“If you must blink, do it now.”
The opening line of Laika’s latest animated gem, Kubo and the Two Strings, could very well be a mantra for the plucky studio’s entire filmography. From Coraline to The Boxtrolls, Laika has been a factory for unmissable visuals, original storytelling, and films that skew the line between “family fare” and “artful cinema” for years. Their stories are often simple, but their worlds are anything but. If you blink, you could very well miss a minute moment of craftsmanship itself lightyears beyond something you might see today’s usual animated blockbusters.
If their handcrafted worlds of wonder weren’t enough to earn our praise, Laika also consistently pulls off narrative complexity reserved for prestige dramas and every other Pixar film. In Kubo, first time director and longtime studio CEO Travis Knight tells us the story of a young boy, a storyteller who peddles tales of adventure in the town square to support his ever-fading mother. As we unravel Kubo’s tales, we are also introduced to his cosmic importance, which leads to its own grand adventure filled with discovery and complexity. It’s an energetic adventure film starring a boy (voiced by Game of Thrones’ Art Parkinson), his protective magical monkey (Charlize Theron), and a samurai beetle with memory loss issues (Matthew McConaughey). But it’s also a story filled with cultural depth and heartbreak; a story that deals with mature issues such as caring for a parent with an Alzheimer’s-like ailment, a child being thrust into maturity too soon, and the essential heartbreak that defines the human experience. It’s this narrative artfulness that gives Kubo a transcendent quality – it’s far more than just a handcrafted kids film.
Considering the description, it might sound like a bit of a downer, or perhaps even the kind of movie that might hew a little too dark for the little ones. Not being a parent or a child (at least not in the literal sense) myself, who am I to say? What I can say is that Kubo’s darkness is in service of its greater sense of earnestness. Where other films – especially animated family movies – might cut towards cheap cultural appropriation or surface-level humor, Kubo encourages its audience to confront its themes and emerge from its thoughtfully crafted story with a jumping-off point for a discussion about family, loss, and humanity. It’s far more Kurosawa than Kung Fu Panda by any measure.
If it were just an earnest, ambitious story and average animation, Kubo would still be plenty charming. Matthew McConaughey and Charlize Theron both breathe life into their very different characters and Art Parkinson is both a steadfast narrator and a wide-eyed kid. The latter’s work is particularly enjoyable considering his line-less existence in the last season of Game of Thrones, at least for me. Kubo is further proof that Laika’s team casts their films beautifully and despite the fact that they are using a predominantly white voice cast for their leads (including Ralph Fiennes and Rooney Mara in two more devious roles), they’ve also filled the background with more culturally appropriate actors like George Takei and Cary-Hiroyuki Tagawa. The world fits together well and has an air of authenticity.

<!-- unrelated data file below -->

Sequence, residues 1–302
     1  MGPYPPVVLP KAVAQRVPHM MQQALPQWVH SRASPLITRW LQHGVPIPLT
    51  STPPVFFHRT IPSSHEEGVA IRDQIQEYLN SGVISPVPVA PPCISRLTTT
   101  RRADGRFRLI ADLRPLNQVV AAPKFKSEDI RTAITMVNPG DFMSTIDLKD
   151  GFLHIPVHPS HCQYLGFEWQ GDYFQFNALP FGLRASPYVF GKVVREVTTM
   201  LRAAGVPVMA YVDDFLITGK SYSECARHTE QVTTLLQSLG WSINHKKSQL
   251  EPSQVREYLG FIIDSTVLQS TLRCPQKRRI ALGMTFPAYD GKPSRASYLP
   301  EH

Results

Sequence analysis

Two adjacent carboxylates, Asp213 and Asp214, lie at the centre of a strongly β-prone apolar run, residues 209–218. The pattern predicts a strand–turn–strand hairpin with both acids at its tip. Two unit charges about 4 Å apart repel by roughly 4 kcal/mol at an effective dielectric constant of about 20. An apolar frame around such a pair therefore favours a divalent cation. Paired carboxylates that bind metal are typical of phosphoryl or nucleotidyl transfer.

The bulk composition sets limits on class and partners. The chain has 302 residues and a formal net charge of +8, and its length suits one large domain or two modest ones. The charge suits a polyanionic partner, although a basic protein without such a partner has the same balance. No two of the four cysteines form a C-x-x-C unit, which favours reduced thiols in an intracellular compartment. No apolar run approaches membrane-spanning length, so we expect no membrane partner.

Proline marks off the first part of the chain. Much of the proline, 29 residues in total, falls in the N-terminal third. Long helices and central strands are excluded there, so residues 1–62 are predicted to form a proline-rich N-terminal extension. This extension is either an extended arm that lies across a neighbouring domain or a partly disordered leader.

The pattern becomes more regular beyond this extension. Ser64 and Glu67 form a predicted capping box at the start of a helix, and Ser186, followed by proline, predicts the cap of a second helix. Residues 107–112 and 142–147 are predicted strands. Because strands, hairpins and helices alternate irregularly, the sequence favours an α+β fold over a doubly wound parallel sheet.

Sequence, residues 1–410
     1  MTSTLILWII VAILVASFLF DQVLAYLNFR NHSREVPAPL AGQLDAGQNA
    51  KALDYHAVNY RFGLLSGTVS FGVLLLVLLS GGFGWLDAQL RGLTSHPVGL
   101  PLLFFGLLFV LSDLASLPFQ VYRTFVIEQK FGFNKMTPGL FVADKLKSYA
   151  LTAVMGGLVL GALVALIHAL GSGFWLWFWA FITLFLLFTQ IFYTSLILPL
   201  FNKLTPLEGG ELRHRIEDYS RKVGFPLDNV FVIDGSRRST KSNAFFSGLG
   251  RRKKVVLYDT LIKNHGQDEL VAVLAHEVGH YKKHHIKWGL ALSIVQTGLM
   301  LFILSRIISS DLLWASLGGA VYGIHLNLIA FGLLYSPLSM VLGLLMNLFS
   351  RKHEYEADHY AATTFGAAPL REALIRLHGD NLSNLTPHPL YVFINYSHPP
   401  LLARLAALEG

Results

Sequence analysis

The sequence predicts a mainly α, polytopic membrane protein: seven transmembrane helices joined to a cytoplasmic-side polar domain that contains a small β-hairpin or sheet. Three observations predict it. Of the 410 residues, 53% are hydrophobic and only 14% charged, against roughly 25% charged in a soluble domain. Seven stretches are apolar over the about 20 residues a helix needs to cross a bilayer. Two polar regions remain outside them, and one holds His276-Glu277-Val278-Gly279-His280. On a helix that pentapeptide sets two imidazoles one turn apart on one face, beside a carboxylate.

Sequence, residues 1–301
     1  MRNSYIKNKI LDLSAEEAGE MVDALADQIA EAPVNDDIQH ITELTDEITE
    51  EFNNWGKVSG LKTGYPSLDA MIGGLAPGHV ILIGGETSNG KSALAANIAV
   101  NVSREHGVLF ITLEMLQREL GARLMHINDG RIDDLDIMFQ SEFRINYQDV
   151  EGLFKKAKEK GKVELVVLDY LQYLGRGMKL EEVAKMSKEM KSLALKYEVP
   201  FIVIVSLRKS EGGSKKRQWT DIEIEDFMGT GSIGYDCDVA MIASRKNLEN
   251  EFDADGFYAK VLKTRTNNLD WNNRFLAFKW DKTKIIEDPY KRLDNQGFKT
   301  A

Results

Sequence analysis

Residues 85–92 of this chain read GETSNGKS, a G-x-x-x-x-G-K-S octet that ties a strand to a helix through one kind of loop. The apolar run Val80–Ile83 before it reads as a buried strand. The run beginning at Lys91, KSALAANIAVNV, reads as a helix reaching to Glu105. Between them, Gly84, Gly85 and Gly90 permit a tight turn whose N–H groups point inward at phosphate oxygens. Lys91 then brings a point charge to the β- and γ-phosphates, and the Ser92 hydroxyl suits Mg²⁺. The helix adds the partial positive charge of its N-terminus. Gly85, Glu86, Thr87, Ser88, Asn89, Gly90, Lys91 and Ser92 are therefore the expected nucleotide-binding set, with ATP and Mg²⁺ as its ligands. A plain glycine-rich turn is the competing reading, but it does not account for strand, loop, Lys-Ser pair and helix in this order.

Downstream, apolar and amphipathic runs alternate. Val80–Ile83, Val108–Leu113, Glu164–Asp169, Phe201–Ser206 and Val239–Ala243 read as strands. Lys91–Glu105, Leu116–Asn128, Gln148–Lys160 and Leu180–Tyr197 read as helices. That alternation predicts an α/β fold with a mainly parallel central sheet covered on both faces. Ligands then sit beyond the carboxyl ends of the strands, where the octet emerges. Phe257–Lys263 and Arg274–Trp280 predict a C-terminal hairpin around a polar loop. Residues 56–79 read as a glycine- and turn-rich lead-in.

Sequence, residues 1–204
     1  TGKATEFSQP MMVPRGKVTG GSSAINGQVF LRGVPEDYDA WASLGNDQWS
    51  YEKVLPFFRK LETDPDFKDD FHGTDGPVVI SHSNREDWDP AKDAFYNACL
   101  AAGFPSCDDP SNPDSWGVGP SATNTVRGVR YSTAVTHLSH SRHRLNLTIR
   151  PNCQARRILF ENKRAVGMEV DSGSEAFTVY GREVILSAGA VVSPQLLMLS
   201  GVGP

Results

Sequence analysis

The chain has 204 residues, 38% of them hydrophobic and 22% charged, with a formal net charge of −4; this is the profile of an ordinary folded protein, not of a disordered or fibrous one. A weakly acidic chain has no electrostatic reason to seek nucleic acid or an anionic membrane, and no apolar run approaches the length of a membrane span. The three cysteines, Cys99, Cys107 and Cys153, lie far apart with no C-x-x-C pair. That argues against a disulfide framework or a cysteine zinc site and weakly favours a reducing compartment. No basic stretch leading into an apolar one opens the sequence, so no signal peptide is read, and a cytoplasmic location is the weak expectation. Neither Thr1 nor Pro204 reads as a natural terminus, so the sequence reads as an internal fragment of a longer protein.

The best part is that it’s not just an ambitious story with average animation. It’s an ambitious story told with some of the most gorgeous animation that Laika has delivered to-date. Their best work is exceptionally detailed in quieter moments and expansively mind-blowing in its big sweeping action. Kubo is an example of heavy doses of their best work. It’s one thing to meticulously design beautiful characters and another to put them into elegant motion and make it all look easy. Kubo accomplishes this and more to the extent that it’s hard to believe it’s stop-motion animated.
It’s hard to say that a movie like Kubo is the beautiful summer movie that 2016 deserves – it’s more likely to be overshadowed at your local cineplex by less-ambitious, more poorly executed projects – but it’s certainly the antidote for those feeling down about what summer 2016 has offered up thus far. It’s a multi-layered, lovingly crafted work of art that is the work of a studio that continues to push the envelope of not just stop-motion animation, but innovative storytelling and world-building. It’s the exact kind of original movie that we’re always asking for in the gloomier days of remakes and reboots, one that more than deserves our respect and support.